EDRIC MESMER Engages
The True Keeps Calm Biding Its Story by Rusty Morrison
(Ahsahta Press, Boise, 2008)
After Urgency by Rusty Morrison
(Tupelo Press, North Adams, 2012)
To tye our grief to numbers, measures, feet,
Is not to let it loose, but fetter it —Urian Oakes: Two Books by Rusty Morrison
What is the modern elegy, if the term modern need be invoked at all?
What, our examples of elegy, their antique relevancies?
How does the processional of Rusty Morrison’s The True Keeps Calm Biding Its Story (Boise: Ahsahta Press, 2008) and After Urgency (North Adams: Tupelo Press, 2012) construct a secular mourner amid the monumental silences of the commonplace?
Approach Norma Cole’s hanging sculpture Collective Memory (2004), myriad sentences emerge severally.
Strands of fabric printed with quotes from Eliot, Stevens, Oppen—that pantheon, Modernism—hang a-mix that nearer thought, contemporary: Etel Adnan, et al. One strand within my slant of sight: “It took me years to learn how to construct the sentences which would be useful to relate our story to ourselves. Barbara Guest.” Mereness of breath pushes back the densely culled tickertapes—affixed to flattened grate above and strung with gravity—revealing a further quote obscured within: “Thought[s] are things—sometimes they are songs. H.D.”
So hang and move the sentential structures of Rusty Morrison’s The True Keeps Calm Biding Its Story.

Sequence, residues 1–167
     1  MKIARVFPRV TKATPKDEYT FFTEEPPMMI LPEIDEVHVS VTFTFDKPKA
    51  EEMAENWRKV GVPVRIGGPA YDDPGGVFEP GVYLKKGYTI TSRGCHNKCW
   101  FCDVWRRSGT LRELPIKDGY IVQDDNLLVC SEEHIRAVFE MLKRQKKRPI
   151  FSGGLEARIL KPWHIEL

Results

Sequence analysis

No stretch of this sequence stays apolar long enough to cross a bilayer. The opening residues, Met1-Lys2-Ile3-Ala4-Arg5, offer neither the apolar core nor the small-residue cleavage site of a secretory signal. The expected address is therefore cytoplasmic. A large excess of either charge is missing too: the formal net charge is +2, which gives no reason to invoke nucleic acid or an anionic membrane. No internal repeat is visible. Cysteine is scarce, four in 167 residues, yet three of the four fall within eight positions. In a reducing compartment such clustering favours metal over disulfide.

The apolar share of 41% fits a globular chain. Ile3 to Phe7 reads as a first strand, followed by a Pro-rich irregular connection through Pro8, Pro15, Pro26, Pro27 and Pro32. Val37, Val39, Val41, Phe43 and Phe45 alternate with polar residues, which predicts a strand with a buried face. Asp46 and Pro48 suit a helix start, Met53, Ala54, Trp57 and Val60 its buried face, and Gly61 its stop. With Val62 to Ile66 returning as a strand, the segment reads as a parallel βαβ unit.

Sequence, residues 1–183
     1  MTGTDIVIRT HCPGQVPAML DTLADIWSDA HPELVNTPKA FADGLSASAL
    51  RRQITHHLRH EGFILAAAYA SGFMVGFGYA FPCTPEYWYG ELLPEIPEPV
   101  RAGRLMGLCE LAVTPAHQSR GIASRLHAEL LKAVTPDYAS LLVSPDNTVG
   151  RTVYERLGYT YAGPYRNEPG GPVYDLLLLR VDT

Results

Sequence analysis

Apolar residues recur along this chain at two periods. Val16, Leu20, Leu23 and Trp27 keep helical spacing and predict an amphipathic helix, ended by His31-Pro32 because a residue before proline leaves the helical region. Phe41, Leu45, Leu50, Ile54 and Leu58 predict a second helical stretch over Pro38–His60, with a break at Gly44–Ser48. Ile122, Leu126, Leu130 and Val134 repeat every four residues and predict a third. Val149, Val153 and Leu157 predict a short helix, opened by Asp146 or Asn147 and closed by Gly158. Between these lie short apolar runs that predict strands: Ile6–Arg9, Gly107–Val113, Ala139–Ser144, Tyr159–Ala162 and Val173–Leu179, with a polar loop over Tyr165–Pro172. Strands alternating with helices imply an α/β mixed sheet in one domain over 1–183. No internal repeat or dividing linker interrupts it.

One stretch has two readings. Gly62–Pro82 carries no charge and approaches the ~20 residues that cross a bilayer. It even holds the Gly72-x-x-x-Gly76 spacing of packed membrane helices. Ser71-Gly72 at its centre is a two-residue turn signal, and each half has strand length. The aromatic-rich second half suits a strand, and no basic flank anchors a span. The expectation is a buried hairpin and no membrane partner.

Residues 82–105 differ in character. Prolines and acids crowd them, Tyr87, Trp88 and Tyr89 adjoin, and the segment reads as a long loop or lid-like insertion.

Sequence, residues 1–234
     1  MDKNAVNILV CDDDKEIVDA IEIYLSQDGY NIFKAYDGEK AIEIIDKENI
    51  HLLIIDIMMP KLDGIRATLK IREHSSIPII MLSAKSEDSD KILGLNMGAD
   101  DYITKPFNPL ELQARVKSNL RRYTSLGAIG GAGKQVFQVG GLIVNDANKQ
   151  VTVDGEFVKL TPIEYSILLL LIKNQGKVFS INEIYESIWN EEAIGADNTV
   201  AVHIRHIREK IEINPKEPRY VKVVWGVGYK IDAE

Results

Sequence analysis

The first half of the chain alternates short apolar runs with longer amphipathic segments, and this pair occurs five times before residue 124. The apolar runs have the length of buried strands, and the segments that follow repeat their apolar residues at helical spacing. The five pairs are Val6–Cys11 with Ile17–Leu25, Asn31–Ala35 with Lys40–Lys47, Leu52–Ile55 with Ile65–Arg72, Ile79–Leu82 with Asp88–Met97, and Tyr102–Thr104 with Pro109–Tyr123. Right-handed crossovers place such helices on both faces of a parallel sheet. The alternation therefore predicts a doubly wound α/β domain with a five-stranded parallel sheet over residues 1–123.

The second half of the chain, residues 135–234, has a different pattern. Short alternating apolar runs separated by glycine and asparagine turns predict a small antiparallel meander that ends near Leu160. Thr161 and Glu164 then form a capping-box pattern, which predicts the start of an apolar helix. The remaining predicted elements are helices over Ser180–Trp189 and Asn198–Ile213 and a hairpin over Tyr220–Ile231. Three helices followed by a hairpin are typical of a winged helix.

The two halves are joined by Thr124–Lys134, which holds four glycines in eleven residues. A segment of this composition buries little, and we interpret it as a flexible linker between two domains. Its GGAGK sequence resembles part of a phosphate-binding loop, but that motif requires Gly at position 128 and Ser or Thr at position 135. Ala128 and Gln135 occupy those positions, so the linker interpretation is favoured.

Like that grate from which our gravitas might dangle, the words “Please Advise Stop” serve for title throughout this collection. “The language at the top of each page can be read as telegraphic,” Claudia Rankine notes; “a lyric refusal of the ‘stop’ that death proposes” (Rankine). Rather than rewriting the elegy, Morrison may be writing elegiacally the secular utterances of grief.
walked barefoot in the spill of loamy earth between redwoods stop
accompanied by no sermon stop
my repetitive gesture will eventually wear through its surrounding world please
Addressed, the earth; redressed—rebuffed—the offering, religion. Only the serial motion of routine, its attempt to order or adhere to reality, turns into a sort of prayer by way of the recurrent end tag, “please.”
These “end tags” may be read as telomeric—a processional parting from. This is the right-margined page; these phrases of continual sentencing. Morrison’s elegy is disconcerted, a representation itself of loss, represented as it is by the residual, structured trellises of image by which a griever might grasp her way back toward the day-to-day.
Most jarring to many a mourner, the way loss coalesces in and among our routines. How does Morrison’s elegy diverge from or compliment earlier elegiac modes? such models that might include Katherine Philips, Urian Oakes, JohnKeats.